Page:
February 4 is World Cancer Day that takes place annually to unite people, communities and institutions in the global fight against cancer, to raise awareness and to educate about cancer. Researchers are continuously looking for ways to establish new viable cancer treatments. Here are the stories about three innovative approaches to anti-cancer therapy that are likely to change the ways cancer is treated in the future.
Molecular imaging is a scientific and technological field which aims to obtain information on biological processes at the molecular and cellular levels in a human body in a non-invasive way; it identifies and characterises processes that are going on in the body. Molecular imaging is used for the cancer diagnostics and treatment: for example, in a form of PET (Positron emission tomography), which visualizes the metabolism in the cells by administering a variant of glucose that is labelled with a radioisotope. PET imaging technology can indicate the sites of the body where the increased metabolic activity is localized. Cancer cells have a high metabolism, so molecular imaging visualizes these cells in the body. When the anti-cancer therapy is given to a patient, it is possible to follow the efficacy of the treatment with the molecular imaging technique observing if the cancer cells are disappearing.
“The challenge for the molecular imaging nowadays comes from the clinicians working with the cancer patients,” tells us Chris Reutelingsperger, the chief scientific officer of the company PharmaTarget that works on innovative molecular imaging components. “Clinicians need to know as quickly as possible if the anti-cancer therapy that they are giving to the patient is working. Currently, a clinician has to wait for 4-6 weeks after the start of the treatment before diagnostic procedures such as PET scan are able to report the efficacy of the therapy. This implies that a patient can be exposed to a toxic treatment for weeks without any beneficial effects of the treatment.”
“If the therapy is effective, this will happen within 24-48 hours. If it determines that the current therapy doesn’t work, the clinician can quickly change it to another.”
According to Reutelingsperger, one of the goals of molecular imaging is to offer the clinicians the means to determine the efficacy of a treatment as quickly as possible after the start of the treatment. “Anti-cancer therapies aim at killing the cancer cells. In most cases, the killing process involves the activation of apoptosis – a regulated process of cell suicide. Apoptosis has a specific molecular signature, so one can distinguish cells in apoptosis from the living cells – on the basis of specific molecules. One of those signatures of apoptosis is a specific phospholipid, the so-called phosphatidylserine, which can be detected with the protein called Annexin A5,” says Reutelingsperger. “What we did was the following: Annexin A5 was labelled with a radioactive isotope that is used in nuclear medicine in the clinic. Radioactive Annexin A5 was injected into the bloodstream of patients. Depending on the nature of the radioactive probe, you can use either SPECT (Single-photon emission computerized tomography) technology or PET technology to localize the protein in the body and, thus, to localize and to estimate the number of cancer cells in apoptosis. The nuclear medicine physician can measure a certain amount of uptake of Annexin A5 in the tumour before and 24-48 hours after the start of the treatment. An increase of the uptake of Annexin A5 induced by the therapy indicates that therapy has caused an increase of apoptosis in the tumour, and, hence, shows that the therapy is being effective. Oppositely, if there is no increase of uptake, it shows that the therapy probably is ineffective. In that case, the clinician can decide relatively quickly after the start of treatment to change therapy.”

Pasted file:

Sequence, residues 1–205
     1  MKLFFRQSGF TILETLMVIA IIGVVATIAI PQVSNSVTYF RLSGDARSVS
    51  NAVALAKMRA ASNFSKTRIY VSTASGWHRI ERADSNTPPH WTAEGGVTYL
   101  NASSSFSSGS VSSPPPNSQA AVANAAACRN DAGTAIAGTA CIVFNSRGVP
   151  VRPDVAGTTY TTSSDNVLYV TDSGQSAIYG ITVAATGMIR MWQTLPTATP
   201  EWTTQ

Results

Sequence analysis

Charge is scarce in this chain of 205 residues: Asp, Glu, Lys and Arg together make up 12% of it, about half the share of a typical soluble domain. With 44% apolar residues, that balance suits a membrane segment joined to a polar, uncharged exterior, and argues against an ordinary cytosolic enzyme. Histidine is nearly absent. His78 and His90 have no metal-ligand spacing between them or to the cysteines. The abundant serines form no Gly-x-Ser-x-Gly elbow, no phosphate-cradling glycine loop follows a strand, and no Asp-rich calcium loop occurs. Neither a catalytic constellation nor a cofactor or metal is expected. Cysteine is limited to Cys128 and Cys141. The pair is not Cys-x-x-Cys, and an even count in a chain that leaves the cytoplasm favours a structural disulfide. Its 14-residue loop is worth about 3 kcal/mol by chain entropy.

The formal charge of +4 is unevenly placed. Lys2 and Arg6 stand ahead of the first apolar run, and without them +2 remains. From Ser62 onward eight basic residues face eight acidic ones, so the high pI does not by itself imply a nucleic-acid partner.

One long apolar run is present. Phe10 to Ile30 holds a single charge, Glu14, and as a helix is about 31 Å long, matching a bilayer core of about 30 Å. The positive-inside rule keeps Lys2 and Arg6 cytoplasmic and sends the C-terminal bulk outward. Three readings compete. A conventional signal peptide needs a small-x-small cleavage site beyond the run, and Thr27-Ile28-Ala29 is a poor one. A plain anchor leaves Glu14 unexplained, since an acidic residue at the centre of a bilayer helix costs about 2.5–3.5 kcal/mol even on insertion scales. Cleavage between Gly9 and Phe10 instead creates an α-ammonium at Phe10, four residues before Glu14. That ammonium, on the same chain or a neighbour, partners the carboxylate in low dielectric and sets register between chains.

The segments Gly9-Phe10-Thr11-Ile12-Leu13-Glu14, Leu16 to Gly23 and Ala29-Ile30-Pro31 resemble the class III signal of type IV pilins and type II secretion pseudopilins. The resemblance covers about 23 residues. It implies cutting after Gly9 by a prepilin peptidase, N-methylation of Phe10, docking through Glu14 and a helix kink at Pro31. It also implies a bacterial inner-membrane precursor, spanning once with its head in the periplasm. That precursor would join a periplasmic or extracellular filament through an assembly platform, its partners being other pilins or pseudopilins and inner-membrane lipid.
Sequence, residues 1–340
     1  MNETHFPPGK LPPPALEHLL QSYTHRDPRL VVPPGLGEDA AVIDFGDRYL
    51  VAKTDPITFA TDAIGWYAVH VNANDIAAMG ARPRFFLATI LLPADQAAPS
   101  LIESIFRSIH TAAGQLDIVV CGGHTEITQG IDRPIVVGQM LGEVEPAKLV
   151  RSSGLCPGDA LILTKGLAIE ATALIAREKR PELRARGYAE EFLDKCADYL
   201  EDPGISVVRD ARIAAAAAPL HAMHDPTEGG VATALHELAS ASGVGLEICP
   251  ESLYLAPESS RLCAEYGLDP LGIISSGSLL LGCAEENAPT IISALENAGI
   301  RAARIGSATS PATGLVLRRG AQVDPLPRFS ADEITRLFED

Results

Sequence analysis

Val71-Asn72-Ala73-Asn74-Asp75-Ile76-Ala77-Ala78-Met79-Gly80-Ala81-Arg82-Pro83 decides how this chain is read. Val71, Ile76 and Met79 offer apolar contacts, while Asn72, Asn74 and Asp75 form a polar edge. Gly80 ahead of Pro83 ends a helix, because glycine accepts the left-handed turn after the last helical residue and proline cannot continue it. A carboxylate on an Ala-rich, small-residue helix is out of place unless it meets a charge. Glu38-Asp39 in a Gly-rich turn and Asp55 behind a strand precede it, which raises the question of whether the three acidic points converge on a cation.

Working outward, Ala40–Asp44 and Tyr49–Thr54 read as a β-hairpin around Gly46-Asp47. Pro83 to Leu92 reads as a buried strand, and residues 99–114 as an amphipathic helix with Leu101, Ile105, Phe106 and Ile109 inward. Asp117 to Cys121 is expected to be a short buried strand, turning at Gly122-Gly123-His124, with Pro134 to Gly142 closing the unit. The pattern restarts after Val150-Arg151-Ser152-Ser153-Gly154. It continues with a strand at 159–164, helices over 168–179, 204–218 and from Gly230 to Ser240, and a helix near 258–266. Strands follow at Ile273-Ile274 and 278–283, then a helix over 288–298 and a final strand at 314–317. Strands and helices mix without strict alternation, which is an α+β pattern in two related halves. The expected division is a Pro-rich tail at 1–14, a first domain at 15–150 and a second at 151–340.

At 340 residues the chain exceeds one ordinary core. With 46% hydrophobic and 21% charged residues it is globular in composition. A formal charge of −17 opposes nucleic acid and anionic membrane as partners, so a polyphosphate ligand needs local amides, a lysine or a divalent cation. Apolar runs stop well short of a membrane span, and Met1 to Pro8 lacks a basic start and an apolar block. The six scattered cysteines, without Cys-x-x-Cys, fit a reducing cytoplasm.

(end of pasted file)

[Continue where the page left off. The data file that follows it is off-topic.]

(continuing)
The Annexin A5 platform is developed by PharmaTarget in Maastricht Health Campus. “We are developing molecular imaging protocols and targeted-drug delivery systems based on Annexin A5. Currently we are developing those for pre-clinical studies, and we are preparing the base for clinical trials with patients,” says Chris Reutelingsperger. “Therefore, we are delighted with the recent initiatives at Brightlands Chemelot Campus where Basic Pharma develops a Good Manufacturing Practice (GMP)-facility to produce small scale GMP-batches of biologicals for the first phases of clinical studies. Such a facility is crucial for small biotech companies that develop diagnostic and therapeutic products of biological nature such as, for example, Annexin A5.”
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